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The Dog in the Manger
by Lope De Vega, translated by David Johnston

Directed by Jonathan Munby
450 7th St. NW, Washington DC


Review by Grace Cavalieri

I was a week late play going because of family matters of illness and health, and when I finally walked into a matinee, every seat was filled. This must be good, I thought. Little did I imagine that I was about to witness the best performance/play/production of 2009 (I realize it is but February, so I will make that 2008 too.) Once in awhile the language, direction, acting and spectacle come together to provide an event so exquisite you cannot believe your good luck.

Let me say that I yearn for language that can be spoken and heard without flaw, language written with high locution and raw hilarity. A playwright largely unknown to me, except in books, I knew to be “the Shakespeare” of Spain. This can be daunting if you cannot speak Spanish so you never expect to fall in love with him. The translation has brought this playwright shoulder to shoulder to an evening with Shakespeare. The adaptation is so witty, so well calibrated, so surprising--well, one moment a speech is delivered in perfect quatrains, and the next a character tells another, “You’re such a Dick!”

The dog in the manger is an Aesop fable about animals. Although the dog guarding the hay is not hungry he will not allow the cow to eat. So the equivalent is a story about a Noble Woman whose station in life prevents her ability to feel, to love, until she sees the hunger of others about to be satisfied. Lope de Vega (1562-1634) was a major literary figure during The Spanish Golden Age. This play was performed in Madrid in 1613. Lope de Vega wrote 1500 plays for Courtyard Theater which were attended by all populations and classes of people. 331 plays have survived the centuries and 200 others are identified with his canon. His genius is compared to Shakespeare but his productivity is unequalled. It is said he once wrote a full-length play in one day, and the record says he created one play a month throughout his life.

“The Dog in the Manger:” It is 17th century Naples. The Countess of Belfor, Diana, is an ice queen, arrogant and unyielding, with no ability or wish to love. She is, however, gorgeous, has one of the best stage voices I’ve heard, and is played wonderfully by the famed Michelle Hurd. When Diana discovers her secretary, Teodoro (Michael Hayden) is in love with her lady-in-waiting, Marcela, (Miriam Silverman,) she DOES believe she feels a thaw; and finds that she now loves Teodoro and must have him. ”Love made from envy” is the play’s theme. But how can she feel such a thing? He is a commoner, lowly born and she will never abandon her honor. Also he loves that snit Marcela. This is not a problem, for Marcela can be locked in her room for awhile and the Countess can dictate letters to Teodoro that reveal, in cloaked manner, her passion. The letters become a convention for action through Act 1, and have not served the stage, or my memory, as well since Cyrano de Bergerac. In the meantime Diana is courted by two noble suitors who run from fop to foppish, (Jonathan Hammond and John Livingston Rolle) but who both hold out hope. The minute Diana has Teodora reeling with the possibility of her love (and the minute he rejects Marcela) well Diana frosts over again. What was she thinking? A commoner? And so it goes back and forth but with much more ravenous and brilliant turnabouts that can be imagined, made all the better by Tedora’s friend/lackey, Tristan (David Turner.) I think it is safe to say Turner has made the part his, forever more. We do not know who to thank, probably the director who squeezed such juiciness from the lines, but when was the last time you did not want an actor to leave the stage?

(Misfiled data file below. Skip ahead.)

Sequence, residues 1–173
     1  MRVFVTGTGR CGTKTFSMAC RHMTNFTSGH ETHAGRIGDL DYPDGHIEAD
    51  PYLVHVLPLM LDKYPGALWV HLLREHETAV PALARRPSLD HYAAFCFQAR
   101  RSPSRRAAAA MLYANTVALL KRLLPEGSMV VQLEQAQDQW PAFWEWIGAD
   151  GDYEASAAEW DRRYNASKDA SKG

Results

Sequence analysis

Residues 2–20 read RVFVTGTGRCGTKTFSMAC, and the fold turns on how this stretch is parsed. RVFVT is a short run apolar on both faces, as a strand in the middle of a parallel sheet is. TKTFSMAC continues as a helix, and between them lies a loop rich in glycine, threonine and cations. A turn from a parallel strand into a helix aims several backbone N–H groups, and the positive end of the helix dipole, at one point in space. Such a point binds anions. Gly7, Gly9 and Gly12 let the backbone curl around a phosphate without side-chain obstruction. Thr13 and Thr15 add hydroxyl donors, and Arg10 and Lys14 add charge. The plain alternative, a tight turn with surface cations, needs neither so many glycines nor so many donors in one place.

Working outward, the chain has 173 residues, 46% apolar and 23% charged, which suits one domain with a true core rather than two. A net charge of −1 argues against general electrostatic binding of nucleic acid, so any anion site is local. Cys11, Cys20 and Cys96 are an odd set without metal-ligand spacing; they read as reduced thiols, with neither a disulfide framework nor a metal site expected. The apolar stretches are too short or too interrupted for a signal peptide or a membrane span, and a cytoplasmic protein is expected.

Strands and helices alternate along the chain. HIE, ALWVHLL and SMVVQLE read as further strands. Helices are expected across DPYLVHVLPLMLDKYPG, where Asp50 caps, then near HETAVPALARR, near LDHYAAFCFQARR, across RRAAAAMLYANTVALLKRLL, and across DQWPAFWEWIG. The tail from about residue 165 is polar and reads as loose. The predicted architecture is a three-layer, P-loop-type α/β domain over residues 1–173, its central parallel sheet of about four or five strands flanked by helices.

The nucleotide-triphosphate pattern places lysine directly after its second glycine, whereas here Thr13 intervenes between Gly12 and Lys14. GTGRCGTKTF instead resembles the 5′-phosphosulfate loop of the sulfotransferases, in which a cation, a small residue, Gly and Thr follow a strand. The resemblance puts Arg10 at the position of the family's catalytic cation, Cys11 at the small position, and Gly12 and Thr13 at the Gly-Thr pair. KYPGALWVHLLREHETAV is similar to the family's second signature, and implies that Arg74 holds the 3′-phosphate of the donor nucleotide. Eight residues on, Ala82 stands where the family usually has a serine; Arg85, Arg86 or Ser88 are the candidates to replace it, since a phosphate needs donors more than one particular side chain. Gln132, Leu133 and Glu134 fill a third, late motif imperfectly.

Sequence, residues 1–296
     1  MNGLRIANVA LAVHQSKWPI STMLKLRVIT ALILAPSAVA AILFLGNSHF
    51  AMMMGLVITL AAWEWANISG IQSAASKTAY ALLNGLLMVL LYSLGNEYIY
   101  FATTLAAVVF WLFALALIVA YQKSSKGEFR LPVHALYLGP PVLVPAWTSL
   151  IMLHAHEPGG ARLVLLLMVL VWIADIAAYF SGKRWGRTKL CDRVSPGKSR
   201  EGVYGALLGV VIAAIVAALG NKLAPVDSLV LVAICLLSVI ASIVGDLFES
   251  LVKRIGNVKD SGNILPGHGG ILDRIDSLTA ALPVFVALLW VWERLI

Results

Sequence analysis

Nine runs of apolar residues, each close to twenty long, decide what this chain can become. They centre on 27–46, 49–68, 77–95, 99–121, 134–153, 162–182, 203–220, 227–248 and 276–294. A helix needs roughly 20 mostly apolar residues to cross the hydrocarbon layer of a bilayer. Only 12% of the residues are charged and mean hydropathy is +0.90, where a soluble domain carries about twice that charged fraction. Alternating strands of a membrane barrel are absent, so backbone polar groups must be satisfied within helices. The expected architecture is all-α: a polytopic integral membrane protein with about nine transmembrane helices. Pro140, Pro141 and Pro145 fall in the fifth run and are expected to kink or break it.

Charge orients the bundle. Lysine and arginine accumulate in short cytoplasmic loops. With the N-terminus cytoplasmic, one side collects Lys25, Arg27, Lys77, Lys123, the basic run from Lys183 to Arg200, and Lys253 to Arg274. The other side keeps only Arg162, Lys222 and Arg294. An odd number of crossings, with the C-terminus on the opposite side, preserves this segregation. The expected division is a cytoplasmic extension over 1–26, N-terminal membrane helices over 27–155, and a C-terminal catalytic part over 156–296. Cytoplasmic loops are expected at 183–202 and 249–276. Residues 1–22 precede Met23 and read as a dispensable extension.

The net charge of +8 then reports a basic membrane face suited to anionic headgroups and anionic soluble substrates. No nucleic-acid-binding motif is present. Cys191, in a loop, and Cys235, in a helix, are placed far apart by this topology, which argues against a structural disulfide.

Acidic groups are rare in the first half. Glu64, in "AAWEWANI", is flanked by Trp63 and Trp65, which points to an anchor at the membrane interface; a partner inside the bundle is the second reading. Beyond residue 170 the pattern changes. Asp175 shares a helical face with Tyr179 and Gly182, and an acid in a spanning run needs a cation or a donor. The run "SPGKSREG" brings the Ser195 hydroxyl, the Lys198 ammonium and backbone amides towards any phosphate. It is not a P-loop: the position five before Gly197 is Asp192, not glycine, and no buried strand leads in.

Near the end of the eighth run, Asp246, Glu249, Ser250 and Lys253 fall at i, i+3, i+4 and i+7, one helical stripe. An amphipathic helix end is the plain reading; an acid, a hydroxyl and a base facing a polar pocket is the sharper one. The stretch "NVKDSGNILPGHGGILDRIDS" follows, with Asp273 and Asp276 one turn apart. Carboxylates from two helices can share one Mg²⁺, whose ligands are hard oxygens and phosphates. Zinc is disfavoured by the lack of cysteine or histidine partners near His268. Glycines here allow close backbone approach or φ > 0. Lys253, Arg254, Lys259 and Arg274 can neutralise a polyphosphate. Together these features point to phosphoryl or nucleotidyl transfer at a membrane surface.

Poor Marcela. Every time Diana remembers Teodoro is not noble enough to love, Teodoro tries to reignite his original love affair, but of course that only triggers the mercurial Countess to let loose her emotions once more, with vengeance.

Act 2 is a plot by Diana’s suitors to abduct and kill Teodoro. Servant Tristan saves the day and furthermore manages to fabricate a lineage for Teodoro of noble origin. Finally Diana and Teodora are able to come together, with the pretense of nobility believed to be true. Diana is able to live with a false honor as long as it is an honor. And Marcela is promised to another; and even Tristan finds a match. It is not so much this set of motives for manners that makes this play an epoch event, for ruse and intrigue is written in most plays of the era, it is the play and this production. That a major work of dramatic literature is launched by such literate theatrical minds to produce this excellent occasion for stage…, well the audience showed its gratitude, and so do I. Staging, music, costumes, all work together , something to dream about all the rest of the year. Singer, Julie Craig; Lighting, Matthew Richards; composer and sound, Richard Martinez; choreography, Daniel Pelzig; voice and text coach, Ellen O'Brien; fight director, Brad Waller. With Leigh Wade, Joel David Santner, Wesley Broulik, Stacey Cabaj, Amanda Thickpenny, Leo Erickson, Nathan Bennett, Billy Finn, Dan Lawrence.

Through March 29. Visit http://www.shakespearetheatre.org or call 202-547-1122.

Grace Cavalieri is a playwright and a poet. She produces/hosts "The Poet and the Poem from the Library of Congress" for public radio.

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